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The latest startup to capitalize on the big data trend is Alpine Data Labs, a San Francisco-based company that just raised $16 million in venture funding.
Alpine primarily works with customers who have made some investment in Hadoop, the open-source software framework that can process large data-sets on commodity hardware. Hadoop has become an increasingly popular option, as companies begin to search for new ways to manage mountains of internal and external data.
“It’s now time for them to leverage that data into the ‘killer app’ of big data: analytics,” said Joe Otto, the company’s chief executive.
What’s most interesting about this startup is that you don’t have to be a data scientist to use Alpine’s tools. It’s designed to be dead simple for customers. “You can definitely use the Alpine system without understanding a language like MapReduce or Pig,” said Otto by phone.
Editor’s note: Alpine Data Labs’ Steven Hillion will speak at our upcoming DataBeat conference, Dec. 4-Dec. 5 in Redwood City, which focuses on the most compelling opportunities for businesses in the area of big data analytics and beyond. Register today!
Alpine’s founders say they can work with virtually any company, but an ideal customer would have one data scientist or analytics nerd on staff. Potential customers must also be sold on the idea of predictive analytics — and not stuck in the old world of business intelligence.
Big data: A hot market
The market is flooded with big data and analytics products, so Alpine faces some tough competition. Otto claims that the technology stands apart, as it adds more value than helping customers create nifty data visualizations. “Vendors focused on visualization aren’t building complex algorithms,” said Otto. Another point of differentiation, particularly from legacy vendors like IBM and Oracle, is that Alpine is focused on Hadoop.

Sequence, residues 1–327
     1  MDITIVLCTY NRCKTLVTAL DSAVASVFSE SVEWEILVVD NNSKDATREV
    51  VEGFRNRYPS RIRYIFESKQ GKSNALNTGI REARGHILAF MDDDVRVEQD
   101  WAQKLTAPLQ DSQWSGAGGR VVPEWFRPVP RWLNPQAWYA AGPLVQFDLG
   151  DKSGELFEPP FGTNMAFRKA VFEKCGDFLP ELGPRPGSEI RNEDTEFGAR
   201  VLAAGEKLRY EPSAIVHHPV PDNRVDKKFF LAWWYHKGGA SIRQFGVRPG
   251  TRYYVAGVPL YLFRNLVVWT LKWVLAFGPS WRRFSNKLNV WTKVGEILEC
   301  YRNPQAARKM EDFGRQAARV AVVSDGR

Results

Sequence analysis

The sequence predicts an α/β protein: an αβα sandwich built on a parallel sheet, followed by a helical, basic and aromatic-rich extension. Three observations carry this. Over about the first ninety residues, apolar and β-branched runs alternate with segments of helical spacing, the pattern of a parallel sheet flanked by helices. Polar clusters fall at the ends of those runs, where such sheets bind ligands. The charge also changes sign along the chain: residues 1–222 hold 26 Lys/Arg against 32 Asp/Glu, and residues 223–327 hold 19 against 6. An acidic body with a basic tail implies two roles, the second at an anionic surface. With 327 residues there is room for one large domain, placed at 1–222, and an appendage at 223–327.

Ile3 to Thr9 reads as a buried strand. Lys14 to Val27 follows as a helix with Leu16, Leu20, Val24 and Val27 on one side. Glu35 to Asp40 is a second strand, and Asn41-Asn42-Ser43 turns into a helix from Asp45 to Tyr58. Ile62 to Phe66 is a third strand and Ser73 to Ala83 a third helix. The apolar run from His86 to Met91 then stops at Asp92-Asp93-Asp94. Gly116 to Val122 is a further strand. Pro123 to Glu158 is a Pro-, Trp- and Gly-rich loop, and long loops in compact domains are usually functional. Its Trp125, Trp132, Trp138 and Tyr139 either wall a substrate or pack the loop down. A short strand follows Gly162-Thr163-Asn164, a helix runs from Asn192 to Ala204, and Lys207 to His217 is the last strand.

Alpine also offers a fairly cool in-built “data science adviser” function. For customers that need help from a real person (not some customer support helpline), an Alpine analytics expert can step in at any time.
“We making our data scientists available to business people,” said Bruno Aziza, the company’s marketing chief, who was recently recruited from Israeli big data startup SiSense. “We make sure they won’t fail.”
The startup’s rivals include giants like IBM along with as well-funded newcomers like Platfora and Datameer. Otto is convinced that more than one vendor can win, as “there is a lot of market space right now,” with hundreds of companies looking for new ways to analyze and derive insights from their data.
And according to a recent IDC research report, the industry will grow 54.9 percent through 2017.
Competition aside, Alpine has scored some impressive customers since it was founded in 2010. According to Otto, it’s not just large financial services firms and technology companies, who tend to be early adopters. Health care giants like Kaiser Permanente are also customers of Alpine, as well as media conglomerates.
He described how one digital media company, Havas Media, uses Alpine for its marketing attribution. When Havas runs a campaign, they need to find out exactly where the last click came from before a customer made a purchase, without running through billions of rows on a spreadsheet. According to Otto, this information is highly relevant and useful to advertisers.
Alpine raised its funding from Sierra Ventures, Mission Ventures, UMC Capital, and Robert Bosch Venture Capital.
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